Every morning, we compile the links of the day and dump them here… highlighting the big storyline. Because there’s nothing quite as satisfying as a good morning dump.
According to Brown, he has hired Jason Glushon to lead his negotiations. Blushon also represents former Celtic Al Horford.
Prior to this season, Brown represented himself but he kept agents as advisors. But with a crucial negotiation looming, Brown seems to have decided to spend the money to help himself secure the biggest bag possible.
But Brown emphasized to the Globe that he is focusing on basketball right now, not his contract negotiations.
“I think just coming out and playing basketball is all I’m concerned with,” Brown told Adam Himmelsbach. “The media, the headlines, the articles that are being written about it, I think that’s more of a distraction more than anything. I’m just focused on basketball.”
First off — it made a lot of sense for Jaylen to skip the agent for his rookie contract. Since 1995, the NBA’s collective bargaining agreement has had the values of rookie contracts for first round picks baked into it. The CBA specifies a flat value per pick, and teams may pay anywhere from 80% to 120% of that value with their picks.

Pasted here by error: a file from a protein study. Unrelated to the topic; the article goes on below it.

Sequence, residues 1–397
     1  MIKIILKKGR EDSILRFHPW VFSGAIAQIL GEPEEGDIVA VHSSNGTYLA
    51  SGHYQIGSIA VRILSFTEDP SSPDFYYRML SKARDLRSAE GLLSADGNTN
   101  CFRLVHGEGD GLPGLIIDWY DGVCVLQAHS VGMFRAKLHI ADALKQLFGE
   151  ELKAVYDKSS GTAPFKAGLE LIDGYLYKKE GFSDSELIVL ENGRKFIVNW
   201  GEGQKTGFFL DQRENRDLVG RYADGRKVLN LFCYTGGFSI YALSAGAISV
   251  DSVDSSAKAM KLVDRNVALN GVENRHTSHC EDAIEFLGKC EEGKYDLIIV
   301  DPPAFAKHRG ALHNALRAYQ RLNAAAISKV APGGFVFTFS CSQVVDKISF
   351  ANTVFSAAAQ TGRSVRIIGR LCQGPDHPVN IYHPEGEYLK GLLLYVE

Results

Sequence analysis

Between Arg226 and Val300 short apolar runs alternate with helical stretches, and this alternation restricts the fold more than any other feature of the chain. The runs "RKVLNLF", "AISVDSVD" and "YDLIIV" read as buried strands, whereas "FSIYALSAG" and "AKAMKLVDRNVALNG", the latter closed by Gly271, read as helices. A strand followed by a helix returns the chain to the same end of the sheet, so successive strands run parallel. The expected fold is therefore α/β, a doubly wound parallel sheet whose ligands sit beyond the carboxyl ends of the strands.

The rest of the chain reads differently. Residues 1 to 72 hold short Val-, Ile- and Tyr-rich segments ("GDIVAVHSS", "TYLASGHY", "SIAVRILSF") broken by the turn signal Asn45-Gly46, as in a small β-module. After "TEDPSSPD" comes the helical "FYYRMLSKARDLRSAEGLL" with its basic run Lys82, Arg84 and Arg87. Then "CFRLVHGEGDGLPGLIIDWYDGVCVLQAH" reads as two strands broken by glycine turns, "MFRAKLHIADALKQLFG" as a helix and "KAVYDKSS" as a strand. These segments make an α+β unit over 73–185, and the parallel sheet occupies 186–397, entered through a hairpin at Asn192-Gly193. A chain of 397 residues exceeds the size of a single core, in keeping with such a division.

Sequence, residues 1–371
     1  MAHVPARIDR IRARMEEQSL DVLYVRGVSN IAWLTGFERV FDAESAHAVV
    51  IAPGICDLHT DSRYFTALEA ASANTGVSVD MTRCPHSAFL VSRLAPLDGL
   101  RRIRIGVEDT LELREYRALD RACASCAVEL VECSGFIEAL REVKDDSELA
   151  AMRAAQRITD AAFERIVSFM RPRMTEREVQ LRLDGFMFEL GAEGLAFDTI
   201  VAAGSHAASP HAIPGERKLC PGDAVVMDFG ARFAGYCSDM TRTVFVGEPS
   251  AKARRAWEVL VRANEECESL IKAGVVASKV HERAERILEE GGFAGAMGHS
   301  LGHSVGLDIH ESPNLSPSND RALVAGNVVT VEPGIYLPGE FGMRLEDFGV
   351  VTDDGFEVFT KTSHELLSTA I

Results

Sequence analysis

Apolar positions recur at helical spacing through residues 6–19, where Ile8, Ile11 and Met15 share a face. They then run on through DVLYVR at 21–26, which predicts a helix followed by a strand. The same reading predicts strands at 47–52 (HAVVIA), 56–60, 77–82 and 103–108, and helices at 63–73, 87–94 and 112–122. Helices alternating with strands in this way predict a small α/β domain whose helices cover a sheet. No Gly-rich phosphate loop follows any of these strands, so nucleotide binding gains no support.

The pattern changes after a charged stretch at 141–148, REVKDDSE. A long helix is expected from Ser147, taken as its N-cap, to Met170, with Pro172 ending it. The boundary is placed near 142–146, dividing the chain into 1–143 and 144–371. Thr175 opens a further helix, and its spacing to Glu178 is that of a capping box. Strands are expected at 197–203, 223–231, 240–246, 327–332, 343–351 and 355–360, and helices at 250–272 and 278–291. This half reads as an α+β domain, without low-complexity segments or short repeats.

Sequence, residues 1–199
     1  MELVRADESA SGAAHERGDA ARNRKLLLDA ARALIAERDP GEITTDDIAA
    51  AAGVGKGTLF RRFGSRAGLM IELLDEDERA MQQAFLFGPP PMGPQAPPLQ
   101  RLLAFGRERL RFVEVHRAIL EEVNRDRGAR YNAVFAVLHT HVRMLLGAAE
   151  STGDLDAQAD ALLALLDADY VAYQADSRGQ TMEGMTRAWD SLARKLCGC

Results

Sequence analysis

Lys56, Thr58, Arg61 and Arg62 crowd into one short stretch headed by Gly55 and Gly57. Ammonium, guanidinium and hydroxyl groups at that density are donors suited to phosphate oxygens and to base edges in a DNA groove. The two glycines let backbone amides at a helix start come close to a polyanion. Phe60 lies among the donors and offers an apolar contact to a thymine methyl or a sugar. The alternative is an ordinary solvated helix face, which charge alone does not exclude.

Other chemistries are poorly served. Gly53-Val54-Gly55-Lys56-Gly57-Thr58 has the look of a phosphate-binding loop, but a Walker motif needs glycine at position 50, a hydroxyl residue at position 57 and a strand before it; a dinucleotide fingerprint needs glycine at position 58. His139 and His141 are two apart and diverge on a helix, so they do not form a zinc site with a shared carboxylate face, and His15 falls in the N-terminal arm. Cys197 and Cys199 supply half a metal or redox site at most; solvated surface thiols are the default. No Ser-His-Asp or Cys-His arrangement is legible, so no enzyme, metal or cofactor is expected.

The Celtics–as with most teams–pay 120% of the rookie scale as a matter of course.
Therefore, there really wasn’t much for an agent to do with Jaylen Brown’s first contract, meaning he kept the agent’s 15% fee for himself.
However, this next deal is quite a bit more complicated. As a restricted free agent, Jaylen is going to get the highest offer any team makes for his services; the Celtics can’t lowball him. But this is where a good agent is valuable: A good agent will maximize the contract offer or offers that come in from other teams.
Meanwhile A. Sherrod Blakely has his preseason spotlight on Jaylen:
It’s a successful season for Brown if …
… his playing time continues to exceed the 25-minute barrier. When he played at least 25 minutes last season, the Celtics were 25-16 (.610 winning percentage). When he played less than 25 minutes, Boston was 18-15 (.545 winning percentage). Because of the versatility that Brown has shown in the past and continues to display now, Boston is going to need him to be a defensive jack-of-all-trades this season.